Smoking Increases Diabetic Retinol Damage

Eye care professionals play an important role in the health of their diabetic patients.  By catching things early and counseling them on the negative effects of smoking, they can help patients reduce their risks of retinal damage (and vision loss) due to Type I Diabetes.  “Smoking” includes cigarettes, smokeless tobacco, electronic cigarettes, or smoking cessation products that contain nicotine.

According to researchers, nicotine can increase the risk of diabetic damage inside the eyes particularly in those who have Type I Diabetes. “Nicotine alone has been shown to promote pathological effects on the retinal pigment epithelium, photoreceptors and cells in the outer nuclear layer in mice. Chronic nicotine toxicity has also been shown to increase the severity of induced choroidal neovascularization, diabetic nephropathy and cataract development in multiple experimental rodent models.”

Moreover, the National Institute of Health (NIH), “diabetic retinopathy, the most common form of diabetic eye disease, is the leading cause of blindness in adults ages 20–74. It occurs when diabetes damages blood vessels in the retina [and] it affects 7.7 million Americans. That number is projected to increase to more than 14.6 million people by 2030. The longer a person has diabetes, the greater the risk for diabetic eye disease [and] once vision is lost, it often cannot be restored.”

The CDC says that one of the reasons why smokers can suffer from more diabetic complications than non-smokers is because “nicotine increases blood sugar levels and makes them harder to handle. People with diabetes who smoke often need larger doses of insulin to keep their blood sugar close to their target levels.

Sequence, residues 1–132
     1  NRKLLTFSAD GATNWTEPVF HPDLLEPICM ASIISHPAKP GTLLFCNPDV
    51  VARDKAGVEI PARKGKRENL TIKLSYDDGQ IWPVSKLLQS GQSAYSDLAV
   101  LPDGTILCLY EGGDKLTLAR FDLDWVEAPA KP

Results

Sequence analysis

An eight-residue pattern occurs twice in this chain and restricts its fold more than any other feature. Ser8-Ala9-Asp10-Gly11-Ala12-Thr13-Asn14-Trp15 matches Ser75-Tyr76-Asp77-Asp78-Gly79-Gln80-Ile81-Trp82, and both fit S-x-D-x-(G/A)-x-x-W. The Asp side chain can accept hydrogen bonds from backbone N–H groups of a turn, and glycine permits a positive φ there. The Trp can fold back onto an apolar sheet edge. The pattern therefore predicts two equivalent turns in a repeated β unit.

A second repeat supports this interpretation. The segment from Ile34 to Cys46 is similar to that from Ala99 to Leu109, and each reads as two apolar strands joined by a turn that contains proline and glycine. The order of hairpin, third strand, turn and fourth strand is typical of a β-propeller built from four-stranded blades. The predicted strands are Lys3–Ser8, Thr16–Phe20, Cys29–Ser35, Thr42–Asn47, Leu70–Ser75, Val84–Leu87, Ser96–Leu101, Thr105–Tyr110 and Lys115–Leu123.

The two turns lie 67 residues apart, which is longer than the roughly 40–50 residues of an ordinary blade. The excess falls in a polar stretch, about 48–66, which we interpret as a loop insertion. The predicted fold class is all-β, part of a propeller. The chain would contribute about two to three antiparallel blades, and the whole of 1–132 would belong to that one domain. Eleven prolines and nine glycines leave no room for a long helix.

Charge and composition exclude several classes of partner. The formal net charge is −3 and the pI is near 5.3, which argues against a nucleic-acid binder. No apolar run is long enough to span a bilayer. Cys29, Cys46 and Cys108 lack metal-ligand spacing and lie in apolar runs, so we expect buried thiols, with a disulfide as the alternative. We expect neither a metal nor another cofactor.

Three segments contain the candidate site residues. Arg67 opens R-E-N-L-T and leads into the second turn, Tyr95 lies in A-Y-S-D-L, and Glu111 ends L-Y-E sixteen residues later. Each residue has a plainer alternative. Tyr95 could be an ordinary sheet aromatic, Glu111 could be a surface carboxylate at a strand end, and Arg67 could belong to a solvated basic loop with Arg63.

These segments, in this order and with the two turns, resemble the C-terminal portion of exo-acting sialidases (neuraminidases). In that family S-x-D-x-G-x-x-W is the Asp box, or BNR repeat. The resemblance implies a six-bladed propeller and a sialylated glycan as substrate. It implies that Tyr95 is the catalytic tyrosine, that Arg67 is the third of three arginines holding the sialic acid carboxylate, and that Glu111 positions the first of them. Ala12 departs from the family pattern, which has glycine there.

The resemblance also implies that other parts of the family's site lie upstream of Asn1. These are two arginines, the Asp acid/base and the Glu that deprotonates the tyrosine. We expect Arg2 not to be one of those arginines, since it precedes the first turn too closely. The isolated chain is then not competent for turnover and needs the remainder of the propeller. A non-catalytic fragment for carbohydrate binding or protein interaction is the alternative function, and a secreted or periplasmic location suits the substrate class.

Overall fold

Recent studies have shown that OCT (Optical Coherence Tomography) may be helpful in detecting neuronal loss in the retina due to diabetes even before signs of retinal blood vessel damage or oxygen deprivation appear. “Although vascular complications (changes to the blood vessels) are typically seen as a hallmark of the disease, the functional deficits often precede the breakdown of the blood-retina barrier, suggesting an early neurodegenerative component.”

In addition to asking about a patient’s HbA1c number and performing a dilated eye exam, eye care professionals will also perform OCT routinely on diabetic patients to check for GCL (ganglion cell layer) loss and for changes in TRT (total retinal thickness) which may be indicative of early diabetic changes in the retina.

Smoking is harmful to all organs of the body, not just the eye.  The heart, lungs, and nervous system are all negatively impacted.  Eye doctors need to encourage even small changes for the improvement of overall health of their patient with the end goal of quitting nicotine entirely.

photo credit:  Michelle King- Unsplash 


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